Forsman also noted the reallocation by council of almost $3.3 million, sales tax money that the state had originally told the division it would not receive due to the coronavirus pandemic. It meant the division did not buy things it had planned to.
However, in July, the state made that money available, and in September, the division asked council to reappropriate it to the division, which it did. The division spent the money on 15 new school buses, other fleet purchases, a staff bonus in December, and technology and facility purchased services.
The division used the first round of CARES Act money, nearly $2.7 million, to buy new Chromebooks for students, technology platforms to deliver instruction and internet access devices, along with buying Mastery Connect — assessment and benchmark software — and disinfectant sprayers for classrooms.
It also received more than $400,000 in grant money for more internet access devices, software for English language learners, manipulatives for special needs students, and used some of that money to pay teachers to rewrite curriculum as required by the state, and bought more disinfectant and PPE.
It also received more than $2.4 million in Coronavirus Relief Act money it has used for contracted teachers, adding hot water in some school restrooms, and other student materials, along with upgraded teacher Chromebooks, interactive whiteboards, as well as disinfectants, two months of daycare for staff, the Zoom platform and air purifiers in specific classrooms.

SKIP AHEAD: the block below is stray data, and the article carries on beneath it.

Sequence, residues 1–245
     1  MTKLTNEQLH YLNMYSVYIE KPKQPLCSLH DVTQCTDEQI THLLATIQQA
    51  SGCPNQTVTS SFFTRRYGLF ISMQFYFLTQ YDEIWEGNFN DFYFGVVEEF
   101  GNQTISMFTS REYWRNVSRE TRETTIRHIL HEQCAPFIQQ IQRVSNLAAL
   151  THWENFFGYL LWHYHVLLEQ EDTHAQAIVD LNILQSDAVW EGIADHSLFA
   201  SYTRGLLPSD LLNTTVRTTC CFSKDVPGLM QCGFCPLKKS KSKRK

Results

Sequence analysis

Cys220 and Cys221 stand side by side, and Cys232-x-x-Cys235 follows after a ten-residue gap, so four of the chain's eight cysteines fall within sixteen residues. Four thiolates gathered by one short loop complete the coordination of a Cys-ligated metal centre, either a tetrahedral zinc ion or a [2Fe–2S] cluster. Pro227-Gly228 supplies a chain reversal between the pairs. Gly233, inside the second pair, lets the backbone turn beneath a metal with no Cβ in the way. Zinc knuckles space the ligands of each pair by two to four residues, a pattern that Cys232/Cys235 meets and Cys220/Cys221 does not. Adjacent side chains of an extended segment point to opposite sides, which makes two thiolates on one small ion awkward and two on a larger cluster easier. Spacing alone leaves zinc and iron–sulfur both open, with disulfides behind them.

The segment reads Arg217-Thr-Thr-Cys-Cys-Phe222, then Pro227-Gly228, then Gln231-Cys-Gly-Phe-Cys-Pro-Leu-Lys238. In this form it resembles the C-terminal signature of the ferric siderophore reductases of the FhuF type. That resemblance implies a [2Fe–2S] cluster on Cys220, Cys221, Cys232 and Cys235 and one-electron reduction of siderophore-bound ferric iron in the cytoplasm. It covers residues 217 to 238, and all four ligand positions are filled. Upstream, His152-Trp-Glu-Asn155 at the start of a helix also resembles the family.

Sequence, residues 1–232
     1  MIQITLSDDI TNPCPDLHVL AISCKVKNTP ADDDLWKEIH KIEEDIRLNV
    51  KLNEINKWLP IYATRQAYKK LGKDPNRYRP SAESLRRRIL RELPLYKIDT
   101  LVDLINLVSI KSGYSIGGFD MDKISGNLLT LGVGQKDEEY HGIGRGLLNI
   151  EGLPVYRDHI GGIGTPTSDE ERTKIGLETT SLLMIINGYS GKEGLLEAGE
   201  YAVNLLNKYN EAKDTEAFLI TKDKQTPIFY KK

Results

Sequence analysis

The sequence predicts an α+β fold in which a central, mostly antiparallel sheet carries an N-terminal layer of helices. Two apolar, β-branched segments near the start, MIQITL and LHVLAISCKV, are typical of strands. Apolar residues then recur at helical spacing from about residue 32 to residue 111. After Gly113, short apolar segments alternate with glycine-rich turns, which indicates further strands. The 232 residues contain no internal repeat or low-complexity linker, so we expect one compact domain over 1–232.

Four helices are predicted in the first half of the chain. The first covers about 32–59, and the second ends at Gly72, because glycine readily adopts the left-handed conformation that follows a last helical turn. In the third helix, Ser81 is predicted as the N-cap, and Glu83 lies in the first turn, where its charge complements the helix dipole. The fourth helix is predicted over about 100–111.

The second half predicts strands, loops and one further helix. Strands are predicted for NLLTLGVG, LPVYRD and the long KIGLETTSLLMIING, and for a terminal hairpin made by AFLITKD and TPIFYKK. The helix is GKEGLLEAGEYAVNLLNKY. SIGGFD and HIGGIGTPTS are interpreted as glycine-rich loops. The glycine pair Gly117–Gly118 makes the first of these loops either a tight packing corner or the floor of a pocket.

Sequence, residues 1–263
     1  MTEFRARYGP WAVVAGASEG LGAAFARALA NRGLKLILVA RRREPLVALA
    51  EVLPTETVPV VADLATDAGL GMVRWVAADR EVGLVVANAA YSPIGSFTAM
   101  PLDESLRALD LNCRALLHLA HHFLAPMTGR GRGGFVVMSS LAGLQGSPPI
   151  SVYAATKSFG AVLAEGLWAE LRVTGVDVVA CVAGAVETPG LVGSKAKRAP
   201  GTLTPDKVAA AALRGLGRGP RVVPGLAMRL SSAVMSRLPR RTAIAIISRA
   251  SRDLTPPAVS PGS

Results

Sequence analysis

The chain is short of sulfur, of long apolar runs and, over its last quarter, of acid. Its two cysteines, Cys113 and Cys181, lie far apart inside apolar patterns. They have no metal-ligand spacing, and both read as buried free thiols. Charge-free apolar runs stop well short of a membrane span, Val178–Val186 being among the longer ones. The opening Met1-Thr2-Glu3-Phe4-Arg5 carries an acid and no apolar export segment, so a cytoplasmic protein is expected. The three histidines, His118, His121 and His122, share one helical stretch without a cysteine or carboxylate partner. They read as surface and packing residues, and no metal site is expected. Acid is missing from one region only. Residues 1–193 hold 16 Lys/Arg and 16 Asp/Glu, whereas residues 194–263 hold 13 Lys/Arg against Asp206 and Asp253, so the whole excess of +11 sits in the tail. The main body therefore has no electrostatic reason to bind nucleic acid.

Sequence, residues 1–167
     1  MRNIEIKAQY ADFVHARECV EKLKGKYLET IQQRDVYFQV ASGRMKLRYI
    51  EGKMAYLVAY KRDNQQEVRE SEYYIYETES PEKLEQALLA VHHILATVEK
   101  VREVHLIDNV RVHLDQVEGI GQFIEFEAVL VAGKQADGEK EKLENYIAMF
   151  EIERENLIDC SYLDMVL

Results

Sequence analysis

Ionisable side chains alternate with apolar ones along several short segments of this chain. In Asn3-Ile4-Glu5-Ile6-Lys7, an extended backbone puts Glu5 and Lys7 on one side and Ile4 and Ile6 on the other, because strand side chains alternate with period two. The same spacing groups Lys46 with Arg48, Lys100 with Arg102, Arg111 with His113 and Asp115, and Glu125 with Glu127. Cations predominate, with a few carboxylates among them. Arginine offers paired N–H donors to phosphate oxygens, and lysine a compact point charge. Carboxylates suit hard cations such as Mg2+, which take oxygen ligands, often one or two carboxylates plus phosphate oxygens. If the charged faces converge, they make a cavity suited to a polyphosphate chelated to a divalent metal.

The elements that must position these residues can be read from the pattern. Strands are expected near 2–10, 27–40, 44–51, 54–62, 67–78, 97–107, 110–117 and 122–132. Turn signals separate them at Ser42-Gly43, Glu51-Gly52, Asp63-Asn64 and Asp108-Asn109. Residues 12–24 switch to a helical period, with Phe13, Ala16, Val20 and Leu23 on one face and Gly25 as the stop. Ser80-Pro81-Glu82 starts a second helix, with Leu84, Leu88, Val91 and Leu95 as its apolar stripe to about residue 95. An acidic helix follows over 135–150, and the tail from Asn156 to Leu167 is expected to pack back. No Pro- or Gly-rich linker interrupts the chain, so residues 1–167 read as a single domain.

In the next round of CARES Act money which the division has not yet received, Forsman said it is working to make adjustments in its allocation plan so that it can receive that money, since she noted that the first round of CARES Act money has to be spent first.
The division plans to use that second round of CARES Act money — nearly $12.2 million — on student access to technology, textbook adoptions, enhanced summer school, added internet access and replacing internet access devices, technology platforms, contracted teachers, and hot water in remaining classrooms without it.
It also plans to buy interactive whiteboards for any classroom that doesn’t already have them, HVAC ionization units in all division buildings, PPE and disinfecting supplies and equipment, video conferencing units, Mastery Connect and Zoom and replacing document cameras.
The division will have until September 2023 to spend the second round of CARES Act money.
“Us being able to move some facilities things, you saw some building improvement stuff, onto our CARES Act money, allowed us to use our operating funds for other needs,” Gordon said.
He credited Forsman with being able to find operational efficiencies to allow Gordon to pursue staffing and other initiatives, and he leveraged his previous experience in Chesterfield to what he believes will have the most impact for Suffolk Public Schools. The choices he made in the proposed budget with staffing, he said, were due largely to those areas being stretched thin.
“Every decision we make,” Gordon said, “is always going to be what’s going to have the greatest impact in the classroom.”
Superintendent Dr. John B. Gordon III’s proposed fiscal year 2021-2022 budget can be found online at bit.ly/SPSproposedbudget.